Sunday, November 18, 2007

Blond Haired Boy

The indescribable feeling of being in a situation in an important time and place but able to do anything to help.

Monday, November 12, 2007.

I was with my family shopping at Dollarama on Circle Drive one day. The family restaurant is only closed one day a week, this was the only day we could have gone shopping. I can't remember what exactly we purchased, but I would have gotten things that could be broken down into raw materials for one of my projects. We finished, paid, and walked out the door and was walking into the parking lot when a young mother, crying and yelling, carried her infant boy into the dollar store.

I followed in to see the situation. The mother and the boy were on the floor of the entrance way--the mother was crying and panicked, and the boy was looking around lifelessly. Her son was having a seizure. Her son was blinking and seemed to be looking around, looking at me, and was starting to foam at the mouth. The mother explained that her son stopped responding to her suddenly when they were in the car, not even when she was screaming her son could not respond.

I stood there trying to rationalize what should be done in such a situation. The mother was crying in confusion, panic, and despair. There was another lady, a customer of the store, who was calming the mother--She also has a boy who has regular seizure episodes. One of the cashiers ran to get a small area rug for the boy to lay down on. A different cashier had already phoned 911 and an ambulance was already being dispatched.

All I could do was stand there. I looked around, I looked at the boy who was looking back at me, I didn't know what could be done. Within the collective knowledge of everyone present there was nothing that the 20 or 30 people in that store could do to help--myself included.

I kept looking at the boy who would look around at the faces in front of him, then his mother would hold him up or move him to his side to clear the foam frothing from his mouth. He looked back at me, and I looked into his eyes. I stood there frustrated that I didn't know what to do, frustrated that I couldn't do anything, he looked back at me with a very calm expressionless face--blinking. My eyes connected with his once more as he lay motionless looking at me without expression--until he stopped blinking. I checked for breathing--he was breathing normally, but now he's unconscious.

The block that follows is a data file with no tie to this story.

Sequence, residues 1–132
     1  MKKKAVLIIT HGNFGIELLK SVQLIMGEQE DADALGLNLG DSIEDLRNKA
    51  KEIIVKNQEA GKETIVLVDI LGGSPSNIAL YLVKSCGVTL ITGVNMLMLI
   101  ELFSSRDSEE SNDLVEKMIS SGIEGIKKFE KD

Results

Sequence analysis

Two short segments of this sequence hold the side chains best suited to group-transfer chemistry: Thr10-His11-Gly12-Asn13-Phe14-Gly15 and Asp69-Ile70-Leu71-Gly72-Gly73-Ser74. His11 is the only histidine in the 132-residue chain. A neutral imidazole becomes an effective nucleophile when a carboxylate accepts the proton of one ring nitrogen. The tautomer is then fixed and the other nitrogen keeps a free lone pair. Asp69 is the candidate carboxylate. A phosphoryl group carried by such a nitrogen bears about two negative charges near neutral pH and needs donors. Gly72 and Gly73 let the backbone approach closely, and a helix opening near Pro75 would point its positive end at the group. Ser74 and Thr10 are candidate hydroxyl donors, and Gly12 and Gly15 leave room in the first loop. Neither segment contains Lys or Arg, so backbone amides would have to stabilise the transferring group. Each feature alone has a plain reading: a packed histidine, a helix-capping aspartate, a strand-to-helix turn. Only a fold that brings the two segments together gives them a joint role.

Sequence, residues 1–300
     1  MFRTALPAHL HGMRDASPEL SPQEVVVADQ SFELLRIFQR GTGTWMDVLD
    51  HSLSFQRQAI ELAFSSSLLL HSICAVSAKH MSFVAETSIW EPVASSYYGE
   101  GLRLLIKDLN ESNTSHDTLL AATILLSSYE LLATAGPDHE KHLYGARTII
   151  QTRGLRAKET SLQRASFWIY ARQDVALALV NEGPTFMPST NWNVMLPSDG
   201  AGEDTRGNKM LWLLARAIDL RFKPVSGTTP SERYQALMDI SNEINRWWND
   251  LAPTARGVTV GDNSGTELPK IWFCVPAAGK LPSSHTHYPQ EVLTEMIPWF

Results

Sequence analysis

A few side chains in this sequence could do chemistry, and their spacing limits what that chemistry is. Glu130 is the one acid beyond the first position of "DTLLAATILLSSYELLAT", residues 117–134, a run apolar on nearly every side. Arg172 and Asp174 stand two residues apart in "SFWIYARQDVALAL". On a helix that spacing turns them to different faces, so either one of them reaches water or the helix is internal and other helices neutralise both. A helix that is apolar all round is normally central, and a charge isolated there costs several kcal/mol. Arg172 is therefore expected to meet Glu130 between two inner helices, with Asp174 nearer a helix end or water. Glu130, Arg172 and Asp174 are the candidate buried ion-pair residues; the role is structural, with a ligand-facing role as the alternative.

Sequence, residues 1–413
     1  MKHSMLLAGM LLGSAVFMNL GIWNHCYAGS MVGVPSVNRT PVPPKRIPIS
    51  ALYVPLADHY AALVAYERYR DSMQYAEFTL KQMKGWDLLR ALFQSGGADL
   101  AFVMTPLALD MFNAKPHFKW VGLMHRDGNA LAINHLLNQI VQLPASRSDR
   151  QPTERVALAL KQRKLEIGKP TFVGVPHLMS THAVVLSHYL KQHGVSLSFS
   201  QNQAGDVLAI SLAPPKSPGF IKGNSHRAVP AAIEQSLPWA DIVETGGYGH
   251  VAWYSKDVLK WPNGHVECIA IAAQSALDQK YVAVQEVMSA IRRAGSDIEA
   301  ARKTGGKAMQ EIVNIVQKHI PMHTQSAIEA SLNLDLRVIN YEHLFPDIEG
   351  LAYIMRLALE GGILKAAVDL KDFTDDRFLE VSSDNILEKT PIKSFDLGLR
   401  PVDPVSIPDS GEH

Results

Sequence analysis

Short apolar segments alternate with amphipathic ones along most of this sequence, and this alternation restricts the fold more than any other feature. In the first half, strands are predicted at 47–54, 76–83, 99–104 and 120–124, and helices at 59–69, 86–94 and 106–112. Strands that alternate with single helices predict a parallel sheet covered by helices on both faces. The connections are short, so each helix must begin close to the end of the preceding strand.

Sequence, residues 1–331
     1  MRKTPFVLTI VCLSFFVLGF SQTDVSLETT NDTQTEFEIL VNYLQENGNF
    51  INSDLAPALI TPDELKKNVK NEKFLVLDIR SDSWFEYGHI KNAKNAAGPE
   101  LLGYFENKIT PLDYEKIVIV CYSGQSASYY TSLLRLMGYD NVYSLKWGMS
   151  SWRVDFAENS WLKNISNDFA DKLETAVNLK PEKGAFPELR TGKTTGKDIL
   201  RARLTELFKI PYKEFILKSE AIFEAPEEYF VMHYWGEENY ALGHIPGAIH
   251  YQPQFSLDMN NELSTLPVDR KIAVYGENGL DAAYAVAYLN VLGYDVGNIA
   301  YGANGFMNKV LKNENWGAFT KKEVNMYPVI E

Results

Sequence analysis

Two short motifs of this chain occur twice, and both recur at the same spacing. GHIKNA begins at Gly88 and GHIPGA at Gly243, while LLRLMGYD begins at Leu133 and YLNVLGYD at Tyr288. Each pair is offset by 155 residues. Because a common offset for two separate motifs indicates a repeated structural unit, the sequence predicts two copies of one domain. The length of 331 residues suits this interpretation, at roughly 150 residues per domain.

Within two more minutes the ambulance could be heard from the distance coming fast. It pulled into the parking lot and I remembered running to hold the outside doors open waving at them signaling that this was the right store. The truck pulled up and the front passenger went to grab a medical bag from the back of the ambulance. She came into the store and as she passed by me I let her know the boy had lost consciousness about 3 minutes ago.

I left the store shortly afterwards. The feeling of uselessly not able to do anything in the situation sat deep in my chest. I walked away from the store towards the car regretting that I couldn't do anything for the boy. Uttering a silent prayer and leaving my hopes with the paramedics, I left for home with a heavy feeling of unease in my heart.

During the trip home my Mom shared a story from her childhood in Vietnam which I have not yet heard before. She had a younger brother which also had a seizure episode. Both my mom and her younger brother were shopping with my grandma when my mom's younger brother went into a seizure. Rushing him to the hospital was a challenge without the availability of cars or ambulances. My mom and my grandma carried him by foot until they asked a merchant pedal bike or some similar bike to take him to the hospital.

Shortly after they got to the hospital he was revived and my mom remembered talking to her younger brother. He would have been only a couple years old. Both my mom and my grandma were relieved. Hearing that lit a smile into my face too, and I marveled at the advancement we've made in medicine to save lives. My mom ran home to tell the family everything that happened, and that everything was going to be alright. After my mom finished explaining my grandma followed into the house; after my mom left the hospital her brother had another episode and the doctors weren't able to revive him--he passed away shortly after my mom left the hospital. My mom to this day wonders why things turned out the way it did. She wonders what would have happened if she stayed a while longer, to talk and play with her brother in the hospital, would he have been alright? How could someone be lost so easily in a modern hospital?

I don't know why things end up happening the way it does. I pray for the blond haired boy who I met that day, but don't know who he is, where he is, or what happened after I left that day. I marvel at "our" societal advancement in medicine and saving lives, but there is a greater truth--the truth of the unknown: the truth that one can never know the end.

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